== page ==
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French Polynesia - Take normal security precautions
Take normal security precautions in French Polynesia.
Safety and security
Safety and security
Petty crime such as pickpocketing and purse snatching occurs. Ensure that personal belongings, passports and other travel documents are secure at all times.
Demonstrations occur and have the potential to suddenly turn violent. Avoid all demonstrations and large gatherings, follow the advice of local authorities and monitor local media.
Roads are narrow. Many secondary roads are not paved. Drivers and pedestrians should exercise caution, particularly after dark.
Every country or territory decides who can enter or exit through its borders. The Government of Canada cannot intervene on your behalf if you do not meet your destination’s entry or exit requirements.
We have obtained the information on this page from the French authorities. It can, however, change at any time.
Verify this information with foreign diplomatic missions and consulates in Canada.
Entry requirements vary depending on the type of passport you use for travel.
Before you travel, check with your transportation company about passport requirements. Its rules on passport validity may be more stringent than the country’s entry rules.
Regular Canadian passport
Your passport must be valid for at least three months beyond the date you expect to leave from French Polynesia.
Official Canadian Passport
Different entry rules may apply.
Learn more about official travel.
Other travel documents
Different entry rules may apply when travelling with a temporary passport or an emergency travel document. Before you leave, check with the closest diplomatic mission for your destination.
Learn more about Canadian passports.
Other entry requirements
Customs officials may ask you to show them a return ticket or a connecting flight.
Tourist visa: Not required for stays up to 90 days
Long-stay or residency visa: Required for stays more than 90 days
Professional visa: Required
Student visa: Required
Children and travel
Learn about travel with children.
Learn about potential entry requirements related to yellow fever (vaccines section).
- Chikungunya: advice for travellers - September 25, 2017 00:00 EDT
Be sure that your routine vaccines, as per your province or territory, are up-to-date regardless of your travel destination.
Some of these vaccines include: measles-mumps-rubella (MMR), diphtheria, tetanus, pertussis, polio, varicella (chickenpox), influenza and others.
Vaccines to Consider
You may be at risk for these vaccine-preventable diseases while travelling in this country. Talk to your travel health provider about which ones are right for you.
Hepatitis A is a disease of the liver spread through contaminated food and water or contact with an infected person. All those travelling to regions with a risk of hepatitis A infection should get vaccinated.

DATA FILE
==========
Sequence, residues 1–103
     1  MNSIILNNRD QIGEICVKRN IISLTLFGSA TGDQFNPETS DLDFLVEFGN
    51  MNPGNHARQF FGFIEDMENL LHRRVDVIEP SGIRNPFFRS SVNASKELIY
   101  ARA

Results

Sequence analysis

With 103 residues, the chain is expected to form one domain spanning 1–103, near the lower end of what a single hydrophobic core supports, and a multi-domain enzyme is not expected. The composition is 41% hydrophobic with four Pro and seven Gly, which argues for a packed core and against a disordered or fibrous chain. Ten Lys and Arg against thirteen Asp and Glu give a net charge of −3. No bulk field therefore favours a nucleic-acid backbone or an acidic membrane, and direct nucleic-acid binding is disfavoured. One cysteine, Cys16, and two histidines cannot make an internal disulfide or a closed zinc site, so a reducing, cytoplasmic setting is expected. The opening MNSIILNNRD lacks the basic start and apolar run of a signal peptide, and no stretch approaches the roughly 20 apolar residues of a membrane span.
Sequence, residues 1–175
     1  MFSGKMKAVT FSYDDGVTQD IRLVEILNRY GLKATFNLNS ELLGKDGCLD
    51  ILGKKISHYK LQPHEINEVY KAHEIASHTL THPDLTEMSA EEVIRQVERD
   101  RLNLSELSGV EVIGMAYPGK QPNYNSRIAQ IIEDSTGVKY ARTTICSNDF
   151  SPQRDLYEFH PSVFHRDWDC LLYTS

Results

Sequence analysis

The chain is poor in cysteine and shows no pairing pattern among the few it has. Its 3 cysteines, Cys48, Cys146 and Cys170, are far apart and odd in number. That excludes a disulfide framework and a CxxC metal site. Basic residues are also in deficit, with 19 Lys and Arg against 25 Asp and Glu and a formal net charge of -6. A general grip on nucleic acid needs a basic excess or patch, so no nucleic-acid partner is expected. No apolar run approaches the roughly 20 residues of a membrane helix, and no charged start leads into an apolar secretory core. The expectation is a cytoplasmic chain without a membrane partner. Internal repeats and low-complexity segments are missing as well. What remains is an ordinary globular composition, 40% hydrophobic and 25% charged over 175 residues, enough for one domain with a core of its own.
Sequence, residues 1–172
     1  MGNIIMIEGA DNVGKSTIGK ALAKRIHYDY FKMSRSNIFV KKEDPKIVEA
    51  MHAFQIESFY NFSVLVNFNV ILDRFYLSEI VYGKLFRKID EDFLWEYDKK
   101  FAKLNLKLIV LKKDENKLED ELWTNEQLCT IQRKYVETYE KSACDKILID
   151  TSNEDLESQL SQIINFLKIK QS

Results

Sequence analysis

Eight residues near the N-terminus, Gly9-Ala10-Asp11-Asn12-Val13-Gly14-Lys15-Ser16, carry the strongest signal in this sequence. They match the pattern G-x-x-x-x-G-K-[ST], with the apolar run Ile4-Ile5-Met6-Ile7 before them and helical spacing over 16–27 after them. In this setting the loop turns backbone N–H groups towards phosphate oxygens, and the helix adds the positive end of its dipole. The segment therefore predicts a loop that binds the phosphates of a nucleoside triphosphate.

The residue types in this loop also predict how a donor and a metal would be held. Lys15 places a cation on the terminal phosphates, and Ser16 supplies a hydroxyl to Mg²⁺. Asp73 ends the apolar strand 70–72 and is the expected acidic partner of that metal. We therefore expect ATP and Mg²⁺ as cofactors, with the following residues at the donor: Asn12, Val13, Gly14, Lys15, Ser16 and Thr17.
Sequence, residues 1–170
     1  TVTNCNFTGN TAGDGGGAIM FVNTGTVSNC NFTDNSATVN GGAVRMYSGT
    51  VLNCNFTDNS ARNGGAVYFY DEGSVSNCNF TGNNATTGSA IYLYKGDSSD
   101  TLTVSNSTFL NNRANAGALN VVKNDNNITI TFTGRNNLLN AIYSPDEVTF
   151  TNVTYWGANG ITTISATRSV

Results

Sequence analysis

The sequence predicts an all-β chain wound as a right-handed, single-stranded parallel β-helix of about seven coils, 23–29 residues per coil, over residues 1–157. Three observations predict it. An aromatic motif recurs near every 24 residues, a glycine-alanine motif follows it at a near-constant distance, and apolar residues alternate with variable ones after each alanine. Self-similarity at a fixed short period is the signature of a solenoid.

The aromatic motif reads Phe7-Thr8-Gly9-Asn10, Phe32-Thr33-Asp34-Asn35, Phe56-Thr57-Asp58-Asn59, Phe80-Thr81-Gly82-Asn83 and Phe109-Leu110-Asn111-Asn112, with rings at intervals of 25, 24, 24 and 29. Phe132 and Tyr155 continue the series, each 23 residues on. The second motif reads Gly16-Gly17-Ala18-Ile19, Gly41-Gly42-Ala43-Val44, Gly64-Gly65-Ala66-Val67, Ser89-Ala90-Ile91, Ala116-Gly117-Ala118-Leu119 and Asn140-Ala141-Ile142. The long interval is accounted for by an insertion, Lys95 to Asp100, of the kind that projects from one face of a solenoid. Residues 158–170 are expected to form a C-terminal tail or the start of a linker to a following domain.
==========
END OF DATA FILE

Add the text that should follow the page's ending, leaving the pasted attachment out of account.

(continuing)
Hepatitis B is a disease of the liver spread through blood or other bodily fluids. Travellers who may be exposed (e.g., through sexual contact, medical treatment, sharing needles, tattooing, acupuncture or occupational exposure) should get vaccinated.
Seasonal influenza occurs worldwide. The flu season usually runs from November to April in the northern hemisphere, between April and October in the southern hemisphere and year round in the tropics. Influenza (flu) is caused by a virus spread from person to person when they cough or sneeze or by touching objects and surfaces that have been contaminated with the virus. Get the flu shot.
Measles is a highly contagious viral disease and is common in most parts of the world.
Be sure your measles vaccination is up-to-date regardless of your travel destination.
Yellow Fever - Country Entry Requirements
Yellow fever is a disease caused by a flavivirus from the bite of an infected mosquito.
Travellers get vaccinated either because it is required to enter a country or because it is recommended for their protection.
- There is no risk of yellow fever in this country.
Country Entry Requirement*
- Proof of vaccination is required if you are coming from or have transited through an airport of a country where yellow fever occurs.
- Vaccination is not recommended.
- Discuss travel plans, activities, and destinations with a health care provider.
- There is currently a shortage of the yellow fever vaccine in Canada. It is important for travellers to contact a designated Yellow Fever Vaccination Centre well in advance of their trip to ensure that the vaccine is available.
About Yellow Fever
Yellow Fever Vaccination Centres in Canada
* It is important to note that country entry requirements may not reflect your risk of yellow fever at your destination. It is recommended that you contact the nearest diplomatic or consular office of the destination(s) you will be visiting to verify any additional entry requirements.
Food and Water-borne Diseases
Travellers to any destination in the world can develop travellers' diarrhea from consuming contaminated water or food.